The rudders who brave storms and help their kids sail ahead
By Chandni U | Published: 18th June 2016 05:36 AM |
CHENNAI: It’s not about a mug that has a ‘Best Dad in the World’ printed or a T-shirt that reads ‘I Love My Father’. For most fathers around the world, what they wish for is their child’s happiness. But enough of gifts, words and one-day loving. Let’s talk about those men who give special care and attention to their child — a child so wrecked with a rare disease that sometimes you can’t even pronounce the name. For which their dads had to quit their full-time jobs to care for them.
City Express asked four dads in the city to take a few minutes to talk not only about June 19 but about their relationship with their child and the challenges they face.
Mucopolysaccharidosis type II (MPS II), also known as Hunter Syndrome, is a condition that affects different parts of the body and leads to sensory problems like hearing loss. While the father and son may not be able to play a game of ball together, they find more happiness in small moments.
“When I am at office, almost 13 hours a day, my son Prince calls me three times each day without fail and asking — Have you taken your breakfast? What did you eat, did you have lunch? If no, why not? Why are you so late and did you take your evening tea?” recalls Manjit Singh, president, Lysosomal Storage Disorders Support Society (LSDSS), an NGO of parents of rare & fatal diseases. He lost his other son due to respiratory failure.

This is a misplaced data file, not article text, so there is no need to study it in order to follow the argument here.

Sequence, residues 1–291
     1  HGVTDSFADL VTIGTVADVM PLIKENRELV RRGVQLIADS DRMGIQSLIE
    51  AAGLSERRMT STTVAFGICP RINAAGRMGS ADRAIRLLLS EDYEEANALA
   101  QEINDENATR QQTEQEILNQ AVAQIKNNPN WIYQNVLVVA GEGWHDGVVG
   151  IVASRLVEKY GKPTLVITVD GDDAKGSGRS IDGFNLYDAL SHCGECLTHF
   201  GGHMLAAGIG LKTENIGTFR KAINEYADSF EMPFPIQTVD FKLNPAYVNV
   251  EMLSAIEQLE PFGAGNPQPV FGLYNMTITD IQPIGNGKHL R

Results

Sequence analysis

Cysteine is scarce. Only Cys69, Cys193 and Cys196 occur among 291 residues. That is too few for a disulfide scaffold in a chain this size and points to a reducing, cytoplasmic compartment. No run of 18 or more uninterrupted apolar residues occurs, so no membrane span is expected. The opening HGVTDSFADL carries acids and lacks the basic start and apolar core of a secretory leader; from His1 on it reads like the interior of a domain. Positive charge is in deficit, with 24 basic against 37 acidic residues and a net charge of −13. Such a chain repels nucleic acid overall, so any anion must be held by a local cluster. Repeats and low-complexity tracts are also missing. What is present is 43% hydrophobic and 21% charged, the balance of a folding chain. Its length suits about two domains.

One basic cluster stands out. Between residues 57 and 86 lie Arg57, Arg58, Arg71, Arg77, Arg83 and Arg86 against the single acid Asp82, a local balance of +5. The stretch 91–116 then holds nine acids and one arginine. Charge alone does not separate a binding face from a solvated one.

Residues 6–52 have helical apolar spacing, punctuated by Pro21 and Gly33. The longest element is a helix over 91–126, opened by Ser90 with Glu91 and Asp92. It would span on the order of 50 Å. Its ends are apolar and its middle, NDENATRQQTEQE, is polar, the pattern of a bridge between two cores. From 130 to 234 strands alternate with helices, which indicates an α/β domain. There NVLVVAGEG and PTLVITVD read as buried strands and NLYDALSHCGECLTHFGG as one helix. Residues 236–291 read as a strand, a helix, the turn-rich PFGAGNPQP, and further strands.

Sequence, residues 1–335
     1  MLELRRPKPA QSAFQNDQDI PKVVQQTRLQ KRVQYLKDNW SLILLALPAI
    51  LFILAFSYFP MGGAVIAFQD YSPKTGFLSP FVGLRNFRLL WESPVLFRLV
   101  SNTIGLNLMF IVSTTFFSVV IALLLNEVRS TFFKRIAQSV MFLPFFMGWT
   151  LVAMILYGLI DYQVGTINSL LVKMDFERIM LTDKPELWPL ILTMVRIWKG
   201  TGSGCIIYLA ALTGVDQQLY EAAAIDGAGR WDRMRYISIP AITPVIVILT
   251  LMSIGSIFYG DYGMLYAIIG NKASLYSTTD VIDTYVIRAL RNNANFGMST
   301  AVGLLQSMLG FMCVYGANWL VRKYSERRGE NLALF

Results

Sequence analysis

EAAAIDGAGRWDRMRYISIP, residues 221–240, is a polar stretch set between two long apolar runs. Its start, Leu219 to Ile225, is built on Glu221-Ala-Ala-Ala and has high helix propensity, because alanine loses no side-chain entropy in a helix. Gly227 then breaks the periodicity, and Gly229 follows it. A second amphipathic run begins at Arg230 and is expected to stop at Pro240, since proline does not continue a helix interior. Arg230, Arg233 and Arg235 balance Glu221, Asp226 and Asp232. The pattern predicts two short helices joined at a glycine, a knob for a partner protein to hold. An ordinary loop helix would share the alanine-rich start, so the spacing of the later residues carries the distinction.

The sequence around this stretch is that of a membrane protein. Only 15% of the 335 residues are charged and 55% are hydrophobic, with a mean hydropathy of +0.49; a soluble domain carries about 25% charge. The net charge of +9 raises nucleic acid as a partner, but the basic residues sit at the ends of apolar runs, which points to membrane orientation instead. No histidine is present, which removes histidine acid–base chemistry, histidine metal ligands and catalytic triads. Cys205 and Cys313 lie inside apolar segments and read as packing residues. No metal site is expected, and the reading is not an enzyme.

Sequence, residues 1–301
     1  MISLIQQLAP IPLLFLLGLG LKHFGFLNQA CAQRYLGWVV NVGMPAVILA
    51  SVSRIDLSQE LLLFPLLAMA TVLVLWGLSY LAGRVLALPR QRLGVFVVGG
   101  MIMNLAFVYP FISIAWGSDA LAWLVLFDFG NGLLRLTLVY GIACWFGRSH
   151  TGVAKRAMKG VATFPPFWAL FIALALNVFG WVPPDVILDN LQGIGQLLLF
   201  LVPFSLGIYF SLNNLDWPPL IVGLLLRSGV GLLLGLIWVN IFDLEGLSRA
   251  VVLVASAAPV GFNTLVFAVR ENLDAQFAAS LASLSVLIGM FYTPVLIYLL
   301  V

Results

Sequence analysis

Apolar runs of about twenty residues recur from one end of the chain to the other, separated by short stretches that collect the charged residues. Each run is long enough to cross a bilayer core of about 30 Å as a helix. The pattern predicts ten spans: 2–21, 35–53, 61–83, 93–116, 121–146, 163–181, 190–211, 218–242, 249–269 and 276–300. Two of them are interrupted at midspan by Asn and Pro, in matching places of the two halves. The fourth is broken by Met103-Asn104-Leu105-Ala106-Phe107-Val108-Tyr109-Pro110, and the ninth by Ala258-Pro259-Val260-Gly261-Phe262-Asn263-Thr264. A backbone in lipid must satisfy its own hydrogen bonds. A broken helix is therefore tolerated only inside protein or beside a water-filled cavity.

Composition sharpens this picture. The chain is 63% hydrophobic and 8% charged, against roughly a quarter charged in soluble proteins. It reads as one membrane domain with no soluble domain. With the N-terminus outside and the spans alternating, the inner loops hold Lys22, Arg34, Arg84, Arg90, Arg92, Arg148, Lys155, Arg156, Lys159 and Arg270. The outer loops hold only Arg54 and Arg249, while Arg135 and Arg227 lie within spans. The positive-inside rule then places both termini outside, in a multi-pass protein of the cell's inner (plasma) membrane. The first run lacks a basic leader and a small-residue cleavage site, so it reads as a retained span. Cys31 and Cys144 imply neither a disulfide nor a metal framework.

Another member of LSDSS is J Karunakaran, whose daughter has Mucopolysaccharidosis type-VI (MPS VI), also known as Maroteaux-Lamy syndrome, a condition that causes tissues and organs to enlarge, inflame or get scarred. When he speaks about his daughter, he cannot help but be proud of his daughter. “Despite everything, she is highly academic. Always studying, preparing — she scores really well too. We spend all our time together except after I drop her in college and pick her up from there. But I’m happy,” he smiles.
Humour can be a gift to tackle these problems. Sometimes when Manjit asks his son for a gift, the ever-smiling Prince would say, “How can get you one since I cannot walk properly, nor do I know any shop close by?”
On the other hand, some children may feel guilty about the rapid and unpredictable incidents that begin to take shape in the family. Iftikhar Md Zia, father of 22-year-old Zoyeb who is diagnosed with a rare neuro-degenerative disorder termed spino cerebellar ataxia. This affects the coordination of the limbs. He gave up his job in the garment industry and also shut his business to take care of his son. “It is hard to quantify the challenges faced, but one begins to see things in a different perspective. And when your son understands that he could be a cause for the changes in his parents’ life, the most difficult part is convincing him that it is not the case,” says Iftikhar.
This Father’s Day, think beyond your heart-shaped embellishments. Give your daddy a hug and tell him how lucky you are to be his son or daughter.